The 1971 German wine law defines four overall quality categories:
- Deutscher Tafelwein, or 'German table wine'
- This is the equivalent to vin de table. It must be produced exclusively from allowed German-grown grape varieties in one of the five Tafelwein regions. Region or subregion must be indicated on the label. The grapes must reach a must weight of 44°Oe on the Oechsle scale (5% potential alcohol) in most regions, with the exception of Baden where 50°Oe (6% potential alcohol) must be reached. The alcohol content of the wine must be at least 8.5% by volume, and concentration or chaptalization can be used to reach this level. They must reach a total acidity of at least 4.5 grams/liter. Tafelwein (without "Deutscher") can be a so-called Euroblend, a table wine made from grapes grown in several European countries.
- Deutscher Landwein, or 'German country wine'
- This is the equivalent to vin de pays, and was introduced with the 1982 harvest. Regulations are similar to those for Deutscher Tafelwein, but must come from one of the 19 Landwein regions, the grapes must reach 0.5% higher potential alcohol, and the wine must be dry (trocken) or off-dry (halbtrocken) in style, i.e. may not be semi-sweet. "Landwein" can also refer to German fruit wines.
- Qualitätswein bestimmter Anbaugebiete (QbA), or quality wine from a specific region.
- These wines must be produced exclusively from allowed varieties in one of the 13 wine-growing regions (Anbaugebiete), and the region must be shown on the label. The grapes must reach a must weight of 51°Oe to 72°Oe depending on region and grape variety. The alcohol content of the wine must be at least 7% by volume, and chaptalization is allowed. QbA range from dry to semi-sweet, and the style is often indicated on the label. There are some special wine types which are considered as special forms of QbA. Some top-level dry wines are officially QbA although they would qualify as Prädikatswein. It should be noted that only Qualitätswein plus the name of the region, rather than the full term Qualitätswein bestimmter Anbaugebiete is found on the label.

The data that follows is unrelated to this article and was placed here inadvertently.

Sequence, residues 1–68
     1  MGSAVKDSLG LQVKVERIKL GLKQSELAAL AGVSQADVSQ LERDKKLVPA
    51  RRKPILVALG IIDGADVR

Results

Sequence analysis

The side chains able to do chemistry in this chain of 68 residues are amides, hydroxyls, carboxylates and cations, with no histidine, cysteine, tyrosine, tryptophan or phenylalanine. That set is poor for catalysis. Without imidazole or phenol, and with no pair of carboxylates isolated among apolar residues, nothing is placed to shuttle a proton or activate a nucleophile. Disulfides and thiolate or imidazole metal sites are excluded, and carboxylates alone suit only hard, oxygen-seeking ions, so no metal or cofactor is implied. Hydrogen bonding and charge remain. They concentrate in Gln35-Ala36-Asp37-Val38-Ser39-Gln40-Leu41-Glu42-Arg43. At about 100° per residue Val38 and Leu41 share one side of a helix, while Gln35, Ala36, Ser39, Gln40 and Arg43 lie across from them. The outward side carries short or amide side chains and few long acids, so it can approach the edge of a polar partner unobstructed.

- Prädikatswein, recently (August 1, 2007) renamed from Qualitätswein mit Prädikat (QmP) (superior quality wine)
- The top level of the classification system. These prominently display a Prädikat from Kabinett to Trockenbeerenauslese on the label and may not be chaptalized. Prädikatswein range from dry to intensely sweet, but unless it is specifically indicated that the wine is dry or off-dry, these wines always contain a noticeable amount of residual sugar. Prädikatswein must be produced from allowed varieties in one of the 39 subregions (Bereich) of one of the 13 wine-growing regions, although it is the region rather than the subregion which is mandatory information on the label. (Some of the smaller regions, such as Rheingau, consist of only one subregion.) The required must weight is defined by the Prädikat, and the alcohol content of the wine must be at least 7% by volume for Kabinett to Auslese, and 5.5% by volume for Beerenauslese, Eiswein and Trockenbeerenauslese.
Under the European Union wine quality grouping, Tafelwein and Landwein belong to the group of table wines, while QbA and Prädikatswein belong to the group of quality wines or VQPRD (Vin de qualité produit dans une région déterminée). In 2005, Tafelwein and Landwein only accounted for 3,6% of total production, QbA 49,6% and Prädikatwein (then called QmP) 46,8%. In most European countries, table wines make up a much higher proportion of the total production. While there are many German wines of excellent quality, the difference in comparison to other countries lies more in the national wine law and how it is applied by the growers. A case in point is Liebfraumilch, which foreign wine drinkers often see as the "simplest" German wine, but which is considered to be a special form of QbA and therefore a quality wine.
Read more about this topic: German Wine Classification
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